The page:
It's the creatures of the title that are persecuted in The Boxtrolls, the latest feature from Laika, the animation studio behind fellow stop-motion movie Coraline and ParaNorman. While it doesn't reach the scary-wonderful highs of the Neil Gaiman adaptation Coraline, a modern fairy tale guaranteed to serve as nightmare fuel for current and future generations of young viewers, this new Laika effort (directed by Graham Annable and Anthony Stacchi) summons a similar feeling of creepy cuteness, set in the whimsically gothic town of Cheesebridge, where everyone is obsessed with cheese and a hat-based class structure.

    Laika/Focus Features

    The Boxtrolls

    The Cheesebridge residents have been told the boxtrolls are baby-eating monsters, and have accepted a nightly curfew while the evil exterminator Archibald Snatcher (Ben Kingsley) and his henchmen attempt to keep the streets safe. But the boxtrolls are actually ingenious scavengers who've outfitted a cavern for themselves underground using castoffs from the world above. The baby they supposedly devoured has actually grown into the orphaned Eggs (Game of Thrones' Isaac Hempstead-Wright), who thinks he's one of them, and like them, constantly wears a box, the former contents of which serve as their names.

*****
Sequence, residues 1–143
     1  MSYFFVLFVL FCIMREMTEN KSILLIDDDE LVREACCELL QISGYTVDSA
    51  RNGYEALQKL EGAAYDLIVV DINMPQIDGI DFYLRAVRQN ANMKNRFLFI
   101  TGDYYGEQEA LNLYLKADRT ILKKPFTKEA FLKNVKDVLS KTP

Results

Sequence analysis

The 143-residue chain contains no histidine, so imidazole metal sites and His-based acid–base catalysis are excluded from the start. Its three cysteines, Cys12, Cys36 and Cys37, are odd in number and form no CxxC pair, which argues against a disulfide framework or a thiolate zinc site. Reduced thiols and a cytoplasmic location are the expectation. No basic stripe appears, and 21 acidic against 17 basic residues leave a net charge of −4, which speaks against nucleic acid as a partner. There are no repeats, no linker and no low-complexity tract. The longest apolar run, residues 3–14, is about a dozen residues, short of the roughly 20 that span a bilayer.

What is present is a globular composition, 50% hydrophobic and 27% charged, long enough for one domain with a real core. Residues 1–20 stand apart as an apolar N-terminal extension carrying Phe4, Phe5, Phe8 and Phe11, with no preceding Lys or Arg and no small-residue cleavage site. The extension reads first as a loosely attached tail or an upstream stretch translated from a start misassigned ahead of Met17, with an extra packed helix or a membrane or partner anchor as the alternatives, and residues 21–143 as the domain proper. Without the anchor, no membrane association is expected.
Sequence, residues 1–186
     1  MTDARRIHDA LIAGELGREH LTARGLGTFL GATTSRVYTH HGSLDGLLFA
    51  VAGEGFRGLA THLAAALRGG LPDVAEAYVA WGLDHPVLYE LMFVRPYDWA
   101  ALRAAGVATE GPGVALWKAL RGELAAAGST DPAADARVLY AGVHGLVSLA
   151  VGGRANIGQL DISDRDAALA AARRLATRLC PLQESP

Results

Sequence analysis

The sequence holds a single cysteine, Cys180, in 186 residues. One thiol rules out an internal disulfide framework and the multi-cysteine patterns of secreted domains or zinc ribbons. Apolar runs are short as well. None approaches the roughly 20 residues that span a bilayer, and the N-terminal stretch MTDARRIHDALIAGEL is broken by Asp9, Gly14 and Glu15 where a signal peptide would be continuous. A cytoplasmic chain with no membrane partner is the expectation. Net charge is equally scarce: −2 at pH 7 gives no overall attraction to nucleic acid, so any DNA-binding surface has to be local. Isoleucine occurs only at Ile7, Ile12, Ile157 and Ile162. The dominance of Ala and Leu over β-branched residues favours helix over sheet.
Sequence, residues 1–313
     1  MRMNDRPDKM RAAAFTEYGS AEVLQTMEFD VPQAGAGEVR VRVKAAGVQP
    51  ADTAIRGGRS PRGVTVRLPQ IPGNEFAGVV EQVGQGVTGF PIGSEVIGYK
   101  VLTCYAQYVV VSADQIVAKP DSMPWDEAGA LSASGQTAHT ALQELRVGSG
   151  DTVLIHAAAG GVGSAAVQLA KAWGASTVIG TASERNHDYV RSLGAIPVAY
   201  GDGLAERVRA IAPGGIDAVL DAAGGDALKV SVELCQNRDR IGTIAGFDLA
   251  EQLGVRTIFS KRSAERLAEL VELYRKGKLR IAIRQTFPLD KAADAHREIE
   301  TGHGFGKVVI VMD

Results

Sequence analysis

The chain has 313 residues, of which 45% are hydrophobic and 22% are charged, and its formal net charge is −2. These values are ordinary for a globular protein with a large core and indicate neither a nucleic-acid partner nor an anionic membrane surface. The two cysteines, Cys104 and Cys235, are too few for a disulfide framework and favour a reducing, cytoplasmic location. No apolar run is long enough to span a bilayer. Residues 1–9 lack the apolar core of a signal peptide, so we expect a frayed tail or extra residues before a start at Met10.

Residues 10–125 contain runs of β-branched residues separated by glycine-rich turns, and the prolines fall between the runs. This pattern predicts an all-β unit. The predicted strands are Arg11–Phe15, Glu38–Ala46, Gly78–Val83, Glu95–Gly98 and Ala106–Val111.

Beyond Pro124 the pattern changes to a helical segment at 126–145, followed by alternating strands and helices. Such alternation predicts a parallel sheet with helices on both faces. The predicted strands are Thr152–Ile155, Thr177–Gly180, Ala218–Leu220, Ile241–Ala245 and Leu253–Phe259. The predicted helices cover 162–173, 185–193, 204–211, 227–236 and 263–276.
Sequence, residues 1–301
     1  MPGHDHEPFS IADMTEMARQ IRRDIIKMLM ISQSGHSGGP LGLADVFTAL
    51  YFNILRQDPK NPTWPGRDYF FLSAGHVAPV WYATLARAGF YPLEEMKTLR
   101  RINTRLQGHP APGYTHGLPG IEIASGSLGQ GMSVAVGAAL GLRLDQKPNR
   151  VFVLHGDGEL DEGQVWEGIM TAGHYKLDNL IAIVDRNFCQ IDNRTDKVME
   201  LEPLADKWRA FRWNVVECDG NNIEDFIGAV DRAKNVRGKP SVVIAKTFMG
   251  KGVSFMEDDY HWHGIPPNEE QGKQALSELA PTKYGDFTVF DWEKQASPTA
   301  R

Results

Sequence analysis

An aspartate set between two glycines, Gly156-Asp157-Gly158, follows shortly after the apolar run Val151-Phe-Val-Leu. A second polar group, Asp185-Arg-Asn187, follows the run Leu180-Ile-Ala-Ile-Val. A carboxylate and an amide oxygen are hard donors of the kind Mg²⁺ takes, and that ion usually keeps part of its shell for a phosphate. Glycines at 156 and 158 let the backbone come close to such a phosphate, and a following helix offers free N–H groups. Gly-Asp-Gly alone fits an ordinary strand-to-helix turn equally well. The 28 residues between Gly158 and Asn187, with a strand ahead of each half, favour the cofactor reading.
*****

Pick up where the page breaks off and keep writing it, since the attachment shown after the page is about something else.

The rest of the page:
In the Cheesebridge social structure, the White Hats are the aristocrats who seem to spend more time snacking together than doing much ruling. Still, the red hat-wearing Archibald is willing to go to incredible lengths to join their ranks, despite being allergic to cheese. The boxtrolls are rungs below the ordinary citizens, harmless untouchables who are demonized as boogeymen in stories and songs, used as a scare tactic in order for Archibald to leverage himself into a higher position.